• Consider using –SubscriptionStreams on the distribution agent to use multiple threads to apply the data to the subscribers, read this http://support.microsoft.com/kb/956600 and this http://support.microsoft.com/kb/953199
    • If initialising from a backup/copy of the database, don’t enforce integrity on the subscribers.  Drop the constraints or use the NOTFORREPLICATION option. 
  • Benjamin Wright-Jones

    Fusion IO 640GB SSD PCI-Express Cards

    • 0 Comments

    We recently had the opportunity to test a couple of the Fusion IO PCI-Express 640GB SSD cards http://www.fusionio.com/Products.aspx in a Dell R900 server, unfortunately time was against us and we were unable to do this. The Fusion IO SSD cards would dramatically increase the IOPS capacity and personally, I think they would be suited to storing tempdb.  I’m a bit cautious about using SSD for data and transaction log so tempdb seems like the best solution. 

  • Benjamin Wright-Jones

    SQL Server 2008 Books Online (July 2009) Update

    • 0 Comments

    Only just noticed that a new revision of the SQL Server 2008 Books Online documentation has been published, the download is here http://www.microsoft.com/downloads/details.aspx?FamilyID=765433f7-0983-4d7a-b628-0a98145bcb97&DisplayLang=en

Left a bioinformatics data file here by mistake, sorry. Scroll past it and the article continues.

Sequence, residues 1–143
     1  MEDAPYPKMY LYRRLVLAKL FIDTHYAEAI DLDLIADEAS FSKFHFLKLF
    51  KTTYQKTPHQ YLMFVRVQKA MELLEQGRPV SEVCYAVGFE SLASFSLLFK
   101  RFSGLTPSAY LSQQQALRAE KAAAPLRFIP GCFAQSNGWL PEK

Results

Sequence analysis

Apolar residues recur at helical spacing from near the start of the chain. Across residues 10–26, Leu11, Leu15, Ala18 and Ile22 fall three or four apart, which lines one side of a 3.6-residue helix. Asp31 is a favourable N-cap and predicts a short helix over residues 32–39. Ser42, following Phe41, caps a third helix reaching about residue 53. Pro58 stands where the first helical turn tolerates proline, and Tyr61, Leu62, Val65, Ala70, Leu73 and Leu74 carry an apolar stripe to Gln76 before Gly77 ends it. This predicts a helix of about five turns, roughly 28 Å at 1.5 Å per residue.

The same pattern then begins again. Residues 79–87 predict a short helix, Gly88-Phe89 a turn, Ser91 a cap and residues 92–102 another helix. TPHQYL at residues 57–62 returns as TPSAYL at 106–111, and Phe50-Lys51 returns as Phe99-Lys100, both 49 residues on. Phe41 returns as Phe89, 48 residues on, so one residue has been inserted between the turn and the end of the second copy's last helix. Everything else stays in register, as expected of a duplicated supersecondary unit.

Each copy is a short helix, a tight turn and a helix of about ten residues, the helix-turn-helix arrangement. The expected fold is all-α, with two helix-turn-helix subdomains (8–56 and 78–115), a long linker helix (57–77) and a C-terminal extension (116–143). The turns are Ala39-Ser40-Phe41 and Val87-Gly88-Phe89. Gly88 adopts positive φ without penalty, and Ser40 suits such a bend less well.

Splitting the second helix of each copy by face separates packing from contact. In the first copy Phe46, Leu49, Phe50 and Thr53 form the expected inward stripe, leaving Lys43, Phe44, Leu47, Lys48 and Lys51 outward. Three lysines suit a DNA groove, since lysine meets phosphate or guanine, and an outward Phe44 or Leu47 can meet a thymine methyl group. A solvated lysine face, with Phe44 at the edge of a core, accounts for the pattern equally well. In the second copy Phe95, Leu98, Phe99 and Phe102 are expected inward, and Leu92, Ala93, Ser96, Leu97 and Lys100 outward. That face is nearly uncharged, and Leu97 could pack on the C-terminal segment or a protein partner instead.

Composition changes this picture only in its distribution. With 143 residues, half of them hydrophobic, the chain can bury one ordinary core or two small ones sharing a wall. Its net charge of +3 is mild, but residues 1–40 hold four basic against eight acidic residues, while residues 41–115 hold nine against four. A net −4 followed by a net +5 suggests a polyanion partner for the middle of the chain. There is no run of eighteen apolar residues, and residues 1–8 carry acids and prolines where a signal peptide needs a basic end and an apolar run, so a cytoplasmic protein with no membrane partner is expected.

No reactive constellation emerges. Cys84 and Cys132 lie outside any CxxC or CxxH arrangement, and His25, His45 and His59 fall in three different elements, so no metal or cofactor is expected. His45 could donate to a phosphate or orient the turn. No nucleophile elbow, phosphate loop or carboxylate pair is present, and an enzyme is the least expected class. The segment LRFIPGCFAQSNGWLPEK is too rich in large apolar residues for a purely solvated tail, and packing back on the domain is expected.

• Benjamin Wright-Jones

    Using an SSIS package to monitor and archive the default trace file

    • 3 Comments

    I find it frustrating that the SQL Server 2005/2008 default trace is continually overwritten and there is no way to store x number of files or x MBs of data.  As a workaround, I developed an SSIS package to monitor the \LOG folder and automatically archive the default trace file whenever a new file is created.

    This consists of a FOR LOOP container, a Script Task and a File System Task plus a whole bunch of variables and property expressions.

    The guts of the package is really in the Script Task as this is where I use a WMI query to monitor the \LOG folder for .trc files.  The file is then renamed (date-time-servername-file) to another folder\share which can be a UNC structure e.g. \\server\share.  This way I have a permanent record of the basic server activity for root cause analysis/troubleshooting.